Customizing torch.autograd.Function

Hi there, hope all of you are fine.
I am working on VQGAN+CLIP, and there they are doing this operation:

class ReplaceGrad(torch.autograd.Function):
    @staticmethod
    def forward(ctx, x_forward, x_backward):
        ctx.shape = x_backward.shape
        return x_forward

    @staticmethod
    def backward(ctx, grad_in):
        return None, grad_in.sum_to_size(ctx.shape)


class ClampWithGrad(torch.autograd.Function):
    @staticmethod
    def forward(ctx, input, min, max):
        ctx.min = min
        ctx.max = max
        ctx.save_for_backward(input)
        return input.clamp(min, max)

    @staticmethod
    def backward(ctx, grad_in):
        (input,) = ctx.saved_tensors
        return (
            grad_in * (grad_in * (input - input.clamp(ctx.min, ctx.max)) >= 0),
            None,
            None,
        )


replace_grad = ReplaceGrad.apply
clamp_with_grad = ClampWithGrad.apply

I am trying to understand this, but I cannot find any resources explaining it.
I would be very grateful if anyone can help me with this. Like what is ReplaceGrad doing?

Thanks, for any help!

Hi,

A custom Function is simply a way to provide the backward formula directly.
The Replace grad takes a and b as input and returns a. And in the backward, it will pass all the gradients toward b and no gradient toward a.

1 Like

Hi @albanD , hope you are fine.
Thanks for helping me out.
Sorry, I am not able to fully understand this. Can you share me some resources, where I can understand it…?

Thanks

The documentation has an example for a simple exponential function here

Another example from the forums is here, although it’s for a custom Double Backward (so 2nd derivative) it might help illustrate what the custom torch.autograd.Function does and what you need code in for it to work.

1 Like

Thanks, will look into it.

Sorry, I am not able to get the concept.
I would be grateful, if you can explain me this piece of code:

class ClampWithGrad(torch.autograd.Function):
  @staticmethod
  def forward(ctx, input, min, max):
    ctx.min = min
    ctx.max = max
    ctx.save_for_backward(input)
    return input.clamp(min, max)

  @staticmethod
  def backward(ctx, grad_in):
    (input,) = ctx.saved_tensors
    return (
        grad_in * (grad_in * (input - input.clamp(ctx.min, ctx.max)) >= 0),
        None, None,
    )

Like how is it trying to change grad_in, and why we have this ,None, None ?

Thanks

Ok, so after having a look on the forums there’s a link to how torch.clamp is implemented and it’s located here. And, I checked the gradient for that custom function and I’m pretty sure it’s wrong!

With regards to what torch.autograd.Function does, it’s a way (as @albanD said) to manually tell PyTorch what the derivative of a function should be (as opposed to getting the derivative automatically from Automatic Differentiation).

This version of the function is below

class ClampWithGradThatWorks(torch.autograd.Function):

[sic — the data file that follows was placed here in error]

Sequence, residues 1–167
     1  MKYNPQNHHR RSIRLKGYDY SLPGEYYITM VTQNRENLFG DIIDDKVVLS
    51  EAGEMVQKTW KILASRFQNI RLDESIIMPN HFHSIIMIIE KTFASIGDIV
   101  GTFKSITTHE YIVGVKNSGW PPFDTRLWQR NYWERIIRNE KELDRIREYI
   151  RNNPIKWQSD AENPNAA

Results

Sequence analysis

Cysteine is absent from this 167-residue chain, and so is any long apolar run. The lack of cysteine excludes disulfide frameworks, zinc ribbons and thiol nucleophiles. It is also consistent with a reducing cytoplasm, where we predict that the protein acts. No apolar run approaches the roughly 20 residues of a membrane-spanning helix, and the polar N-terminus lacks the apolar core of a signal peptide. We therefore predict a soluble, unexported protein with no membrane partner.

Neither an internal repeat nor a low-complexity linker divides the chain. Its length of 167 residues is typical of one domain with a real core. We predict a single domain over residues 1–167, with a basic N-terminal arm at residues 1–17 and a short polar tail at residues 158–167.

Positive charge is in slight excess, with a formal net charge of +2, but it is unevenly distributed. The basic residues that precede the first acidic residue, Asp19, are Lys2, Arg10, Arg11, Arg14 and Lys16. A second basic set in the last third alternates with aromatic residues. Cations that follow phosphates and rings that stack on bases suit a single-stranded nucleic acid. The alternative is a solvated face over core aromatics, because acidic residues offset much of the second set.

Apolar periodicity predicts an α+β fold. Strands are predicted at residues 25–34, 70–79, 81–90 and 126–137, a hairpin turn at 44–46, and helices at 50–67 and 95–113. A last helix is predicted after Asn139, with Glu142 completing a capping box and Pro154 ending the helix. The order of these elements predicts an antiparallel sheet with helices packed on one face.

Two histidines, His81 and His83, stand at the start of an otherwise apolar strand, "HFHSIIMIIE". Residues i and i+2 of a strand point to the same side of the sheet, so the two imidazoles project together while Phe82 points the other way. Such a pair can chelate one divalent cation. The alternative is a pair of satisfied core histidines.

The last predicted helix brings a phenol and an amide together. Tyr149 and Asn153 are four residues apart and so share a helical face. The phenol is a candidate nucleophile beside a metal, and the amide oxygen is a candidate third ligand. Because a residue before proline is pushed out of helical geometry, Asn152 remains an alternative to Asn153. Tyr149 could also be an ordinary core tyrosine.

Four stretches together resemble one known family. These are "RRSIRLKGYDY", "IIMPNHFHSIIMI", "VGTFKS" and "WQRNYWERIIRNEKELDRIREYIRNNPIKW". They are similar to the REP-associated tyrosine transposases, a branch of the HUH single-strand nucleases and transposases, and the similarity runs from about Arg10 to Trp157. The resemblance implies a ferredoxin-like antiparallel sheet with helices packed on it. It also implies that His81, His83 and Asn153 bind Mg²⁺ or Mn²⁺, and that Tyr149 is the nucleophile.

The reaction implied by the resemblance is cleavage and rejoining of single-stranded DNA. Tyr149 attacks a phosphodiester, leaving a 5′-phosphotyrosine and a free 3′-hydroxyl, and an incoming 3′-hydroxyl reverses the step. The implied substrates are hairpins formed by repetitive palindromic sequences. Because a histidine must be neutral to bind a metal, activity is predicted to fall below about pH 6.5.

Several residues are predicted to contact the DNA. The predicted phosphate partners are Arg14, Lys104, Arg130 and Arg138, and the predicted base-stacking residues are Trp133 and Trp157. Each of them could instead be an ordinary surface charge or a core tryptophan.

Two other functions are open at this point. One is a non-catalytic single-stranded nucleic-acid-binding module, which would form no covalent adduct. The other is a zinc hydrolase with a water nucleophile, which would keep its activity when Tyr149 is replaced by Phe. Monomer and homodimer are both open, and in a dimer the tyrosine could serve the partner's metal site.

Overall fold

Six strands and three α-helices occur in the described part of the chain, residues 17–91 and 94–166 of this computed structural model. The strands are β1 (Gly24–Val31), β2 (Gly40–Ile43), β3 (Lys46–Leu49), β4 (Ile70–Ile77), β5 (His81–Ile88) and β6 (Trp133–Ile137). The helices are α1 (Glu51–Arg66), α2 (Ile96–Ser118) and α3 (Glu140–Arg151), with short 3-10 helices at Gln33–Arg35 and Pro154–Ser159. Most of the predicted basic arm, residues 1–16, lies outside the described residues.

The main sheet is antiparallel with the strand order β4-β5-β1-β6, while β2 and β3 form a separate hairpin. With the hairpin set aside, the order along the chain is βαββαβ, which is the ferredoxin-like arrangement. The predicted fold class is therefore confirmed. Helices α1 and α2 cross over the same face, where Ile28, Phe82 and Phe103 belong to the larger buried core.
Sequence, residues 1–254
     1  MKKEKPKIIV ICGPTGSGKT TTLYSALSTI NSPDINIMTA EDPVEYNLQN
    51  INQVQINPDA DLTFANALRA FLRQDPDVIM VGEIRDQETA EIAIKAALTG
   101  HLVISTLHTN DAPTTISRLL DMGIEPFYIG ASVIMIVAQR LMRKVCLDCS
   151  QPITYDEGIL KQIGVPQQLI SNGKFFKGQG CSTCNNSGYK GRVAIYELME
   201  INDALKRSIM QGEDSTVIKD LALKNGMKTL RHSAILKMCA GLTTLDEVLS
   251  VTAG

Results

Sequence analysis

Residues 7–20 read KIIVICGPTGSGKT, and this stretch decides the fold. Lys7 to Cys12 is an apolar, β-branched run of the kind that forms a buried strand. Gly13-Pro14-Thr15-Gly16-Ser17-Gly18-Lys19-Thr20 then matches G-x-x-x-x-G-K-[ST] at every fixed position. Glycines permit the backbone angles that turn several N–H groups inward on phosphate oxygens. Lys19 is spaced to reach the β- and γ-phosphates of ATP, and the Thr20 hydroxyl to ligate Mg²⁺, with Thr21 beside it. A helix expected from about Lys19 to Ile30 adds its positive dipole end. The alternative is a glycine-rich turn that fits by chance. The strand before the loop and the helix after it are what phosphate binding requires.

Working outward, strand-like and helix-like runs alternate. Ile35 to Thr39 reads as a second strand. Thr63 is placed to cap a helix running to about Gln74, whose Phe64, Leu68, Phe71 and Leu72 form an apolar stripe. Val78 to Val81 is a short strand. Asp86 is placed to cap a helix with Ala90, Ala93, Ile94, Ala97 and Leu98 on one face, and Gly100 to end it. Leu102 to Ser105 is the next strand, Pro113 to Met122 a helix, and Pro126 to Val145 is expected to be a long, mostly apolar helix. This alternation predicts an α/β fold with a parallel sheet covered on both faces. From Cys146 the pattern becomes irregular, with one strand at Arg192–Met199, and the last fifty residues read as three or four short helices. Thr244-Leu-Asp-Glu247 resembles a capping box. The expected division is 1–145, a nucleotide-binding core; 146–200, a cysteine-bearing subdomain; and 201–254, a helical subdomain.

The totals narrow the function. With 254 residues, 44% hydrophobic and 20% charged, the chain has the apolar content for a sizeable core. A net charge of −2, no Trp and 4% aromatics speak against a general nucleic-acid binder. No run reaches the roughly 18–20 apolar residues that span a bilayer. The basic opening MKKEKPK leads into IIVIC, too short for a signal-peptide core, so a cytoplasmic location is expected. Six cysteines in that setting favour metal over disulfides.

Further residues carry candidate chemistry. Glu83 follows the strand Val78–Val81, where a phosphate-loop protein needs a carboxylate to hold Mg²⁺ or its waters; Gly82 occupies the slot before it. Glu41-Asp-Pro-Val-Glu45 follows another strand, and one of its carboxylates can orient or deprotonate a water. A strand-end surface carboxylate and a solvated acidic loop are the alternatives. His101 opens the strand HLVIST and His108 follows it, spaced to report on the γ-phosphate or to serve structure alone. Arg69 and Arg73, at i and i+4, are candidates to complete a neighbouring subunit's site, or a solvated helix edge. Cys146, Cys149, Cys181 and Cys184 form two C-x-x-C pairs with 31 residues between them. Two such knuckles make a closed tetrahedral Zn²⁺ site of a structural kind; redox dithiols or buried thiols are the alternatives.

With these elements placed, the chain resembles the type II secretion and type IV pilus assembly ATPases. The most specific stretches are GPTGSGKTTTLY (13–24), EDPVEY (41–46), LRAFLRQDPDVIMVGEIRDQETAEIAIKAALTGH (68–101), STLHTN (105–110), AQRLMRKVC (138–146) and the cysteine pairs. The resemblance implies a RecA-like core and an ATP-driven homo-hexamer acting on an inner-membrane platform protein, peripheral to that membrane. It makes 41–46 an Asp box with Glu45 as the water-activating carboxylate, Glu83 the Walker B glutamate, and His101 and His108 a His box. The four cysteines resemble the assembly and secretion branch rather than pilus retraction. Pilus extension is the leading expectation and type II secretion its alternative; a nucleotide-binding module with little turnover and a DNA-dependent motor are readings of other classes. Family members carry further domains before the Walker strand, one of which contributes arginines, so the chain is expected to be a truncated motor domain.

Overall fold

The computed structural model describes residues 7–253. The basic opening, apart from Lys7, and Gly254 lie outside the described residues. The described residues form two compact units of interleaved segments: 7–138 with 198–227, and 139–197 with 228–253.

@staticmethod
  def forward(ctx, input, min, max):
    ctx.min = min
    ctx.max = max
    ctx.save_for_backward(input)
    return input.clamp(min, max)

  @staticmethod
  def backward(ctx, grad_out):
    input, = ctx.saved_tensors
    grad_in = grad_out*(input.ge(ctx.min) * input.le(ctx.max))
    return grad_in, None, None

I’ve renamed some variables to more appropriate names (like grad_in to grad_out).

The forward method of a function is that actual output the function returns, the backward method is where the gradients are calculated.

The grad_out term is the gradient of the Loss with respect to the output of the function, hence why I named it grad_out, and in order to get the gradient for the input terms (or any other terms within the function) we need to calculate the derivative of the output with respect to the other terms. So, in this case we need the gradient of the output with respect to

  1. input
  2. min
  3. max

As the min and max are independent/fixed of the output their gradient is zero (which can be represented by None). So, that explains the None, None term in the output. But what about the grad_in = grad_out*(input.ge(ctx.min) * input.le(ctx.max)) term?

Well, if you plot the clamp function out it’s effectively a linear function between the min and max and min for any input less than min, and max for any value greater than max. So, looking at the gradient it’s 0 for an input less than min and 0 for an input greater than max.

For any input in between min and max it’s 1. So, we need to define the gradient of this ‘in-between’ section as 1. This can be done by multiplying input.ge(ctx.min) with input.le(ctx.max). This also defines the gradient of the previous 2 sections as well (gradient = 0 for input < min and input > max).

We’re nearly done, once we’ve define the gradient of the output with respect to the inputs, we need to connect the gradient of the loss with respect to the output (grad_out) in order to get the gradient of the loss with respect to the input which is grad_in. This can simply be done by using the chain rule which is defined by,

    grad_in = grad_out*(input.ge(ctx.min) * input.le(ctx.max))

Hopefully, this explains what torch.autograd.Function is doing! :slight_smile:

1 Like

Thanks a loooot.
It is so great of you, to explain in such detail.
I will try out some examples, to get the most of it.

Thanks again…

1 Like

ctx(in forward, and backward), is just acting like self here. Or does it has to do something special?

Kinda, except it has some methods of its own (more info here)

1 Like

Hi,

 @staticmethod
  def backward(ctx, grad_out):
    input, = ctx.saved_tensors
    grad_in = grad_out*(input.ge(ctx.min) * input.le(ctx.max))
    return grad_in, None, None

Here grad_out, is what returned by forward?

grad_out is returned via the autograd engine and is the gradient of the loss with respect to the output of your function, hence the name grad_out.

2 Likes